The Coordinated City’s Mutation Machine: Capitalism, Sympathy, and Urbanization in Seattle’s South Lake Union Neighborhood
Harris, Gregory Keith
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This dissertation intervenes in a debate that was published in the journal City in 2011 over how Deleuze and Guattari’s conceptual repertoire might profitably contribute to critical urban inquiry. However, rather than siding with the pro-Deleuze and Guattari contingent that can loosely be lumped together as “assemblage urbanists” on the one hand, or with the proponents of more traditional Marxian critical urban theory on the other, I argue that Deleuze and Guattari’s underexplored political philosophy is not only capable of grounding critical urban inquiry, but is nuanced enough to address not only the productive role of political economy, but also extraeconomic concerns, such as ethics and aesthetics, both of which are significant forces in many cities, including the redevelopment of the South Lake Union (SLU) neighborhood (Seattle, Washington, USA). Also drawing on Deleuze’s reading of David Hume, I argue that all institutionalized motivations, both economic and extraeconomic, are but different rationalizations of underlying human sympathies, and that given this common foundation, it is necessary to develop a critical urban theory that can also account for the typically neglected and often marginalized sphere of the extraeconomic. This argument is based on a close reading of Deleuze and Guattari’s conceptualizations of the relationship between the state and capitalism across both volumes of Capitalism and Schizophrenia that I adapt for urban studies via a Foucauldian archaeology of SLU. In terms of content, the empirical investigation that spans sixty years of documents related to statewide growth management, regional planning, as well as urban comprehensive planning and a local developer with a compatible vision of how urban redevelopment should occur, leads me to posit that we are seeing a new form of coordinated urbanism, and that all these entities together can be understood as constituting what I call the Coordinated City’s Mutation Machine.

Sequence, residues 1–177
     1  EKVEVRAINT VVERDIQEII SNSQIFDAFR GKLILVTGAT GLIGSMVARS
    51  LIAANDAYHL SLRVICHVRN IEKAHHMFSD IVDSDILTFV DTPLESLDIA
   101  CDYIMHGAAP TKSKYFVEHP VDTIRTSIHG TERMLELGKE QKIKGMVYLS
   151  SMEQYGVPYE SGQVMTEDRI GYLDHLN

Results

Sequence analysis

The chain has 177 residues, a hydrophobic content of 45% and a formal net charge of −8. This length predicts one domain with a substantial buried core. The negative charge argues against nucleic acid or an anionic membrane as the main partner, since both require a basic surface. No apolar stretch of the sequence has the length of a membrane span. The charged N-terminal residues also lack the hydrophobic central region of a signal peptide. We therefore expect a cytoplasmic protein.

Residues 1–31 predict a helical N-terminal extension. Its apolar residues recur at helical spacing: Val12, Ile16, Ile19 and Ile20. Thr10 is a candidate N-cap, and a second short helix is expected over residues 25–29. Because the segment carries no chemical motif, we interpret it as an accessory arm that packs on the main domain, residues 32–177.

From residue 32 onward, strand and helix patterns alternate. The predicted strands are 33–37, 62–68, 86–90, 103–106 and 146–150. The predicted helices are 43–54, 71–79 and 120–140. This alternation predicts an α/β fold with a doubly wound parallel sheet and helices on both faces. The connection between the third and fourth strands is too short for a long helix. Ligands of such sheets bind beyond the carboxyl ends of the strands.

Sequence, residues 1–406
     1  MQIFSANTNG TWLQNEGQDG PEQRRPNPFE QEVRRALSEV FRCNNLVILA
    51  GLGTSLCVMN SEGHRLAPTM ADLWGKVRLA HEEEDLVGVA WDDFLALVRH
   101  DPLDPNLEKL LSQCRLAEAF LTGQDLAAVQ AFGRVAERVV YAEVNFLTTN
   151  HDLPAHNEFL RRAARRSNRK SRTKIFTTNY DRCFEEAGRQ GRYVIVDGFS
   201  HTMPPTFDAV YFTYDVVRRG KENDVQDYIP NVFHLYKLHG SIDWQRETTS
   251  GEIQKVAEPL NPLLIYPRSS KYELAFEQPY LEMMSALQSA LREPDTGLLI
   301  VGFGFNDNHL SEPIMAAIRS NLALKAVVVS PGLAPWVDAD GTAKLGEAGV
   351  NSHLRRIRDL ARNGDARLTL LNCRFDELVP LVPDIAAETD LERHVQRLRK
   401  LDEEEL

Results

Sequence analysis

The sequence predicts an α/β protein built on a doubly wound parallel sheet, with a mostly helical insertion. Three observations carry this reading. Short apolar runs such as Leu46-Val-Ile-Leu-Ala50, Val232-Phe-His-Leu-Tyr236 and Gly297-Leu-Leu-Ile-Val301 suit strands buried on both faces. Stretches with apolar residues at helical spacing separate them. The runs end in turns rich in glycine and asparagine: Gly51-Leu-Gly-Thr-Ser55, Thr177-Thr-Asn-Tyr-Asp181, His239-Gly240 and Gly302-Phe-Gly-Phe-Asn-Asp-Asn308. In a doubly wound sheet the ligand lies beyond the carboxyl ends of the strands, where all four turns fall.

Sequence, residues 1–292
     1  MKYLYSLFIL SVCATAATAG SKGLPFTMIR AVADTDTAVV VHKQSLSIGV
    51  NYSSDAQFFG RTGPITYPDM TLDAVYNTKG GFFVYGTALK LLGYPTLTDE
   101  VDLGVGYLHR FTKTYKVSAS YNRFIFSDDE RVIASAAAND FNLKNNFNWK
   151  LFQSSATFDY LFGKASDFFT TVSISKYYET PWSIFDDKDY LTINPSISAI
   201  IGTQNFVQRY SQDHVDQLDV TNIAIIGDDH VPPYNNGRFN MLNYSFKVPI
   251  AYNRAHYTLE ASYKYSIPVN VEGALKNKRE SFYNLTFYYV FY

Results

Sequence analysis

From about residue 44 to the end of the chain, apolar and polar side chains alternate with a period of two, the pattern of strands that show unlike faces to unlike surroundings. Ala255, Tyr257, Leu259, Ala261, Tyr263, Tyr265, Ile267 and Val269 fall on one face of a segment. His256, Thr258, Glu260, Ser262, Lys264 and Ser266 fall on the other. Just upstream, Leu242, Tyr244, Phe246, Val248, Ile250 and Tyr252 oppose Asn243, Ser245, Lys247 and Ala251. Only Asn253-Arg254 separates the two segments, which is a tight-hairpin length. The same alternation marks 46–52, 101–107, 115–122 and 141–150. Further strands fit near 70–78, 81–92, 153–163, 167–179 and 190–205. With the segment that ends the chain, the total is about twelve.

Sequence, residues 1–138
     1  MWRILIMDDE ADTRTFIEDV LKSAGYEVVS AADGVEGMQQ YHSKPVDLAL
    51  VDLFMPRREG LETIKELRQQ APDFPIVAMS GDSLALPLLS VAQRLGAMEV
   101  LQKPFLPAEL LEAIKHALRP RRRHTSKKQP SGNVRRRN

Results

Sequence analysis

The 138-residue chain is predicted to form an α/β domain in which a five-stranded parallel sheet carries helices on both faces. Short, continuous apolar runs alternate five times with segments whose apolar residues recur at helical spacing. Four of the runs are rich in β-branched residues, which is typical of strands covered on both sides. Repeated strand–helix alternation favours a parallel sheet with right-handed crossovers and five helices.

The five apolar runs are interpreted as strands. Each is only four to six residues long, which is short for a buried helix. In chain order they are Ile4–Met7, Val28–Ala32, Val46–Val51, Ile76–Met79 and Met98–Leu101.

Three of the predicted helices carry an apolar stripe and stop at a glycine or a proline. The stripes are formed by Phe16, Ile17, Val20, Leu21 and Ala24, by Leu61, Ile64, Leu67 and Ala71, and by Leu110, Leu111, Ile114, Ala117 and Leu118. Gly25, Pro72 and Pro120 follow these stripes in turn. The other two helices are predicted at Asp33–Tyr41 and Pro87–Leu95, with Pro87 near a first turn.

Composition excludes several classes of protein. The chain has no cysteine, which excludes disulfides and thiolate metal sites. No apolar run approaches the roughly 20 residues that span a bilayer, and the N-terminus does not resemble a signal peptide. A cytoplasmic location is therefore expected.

- Built environment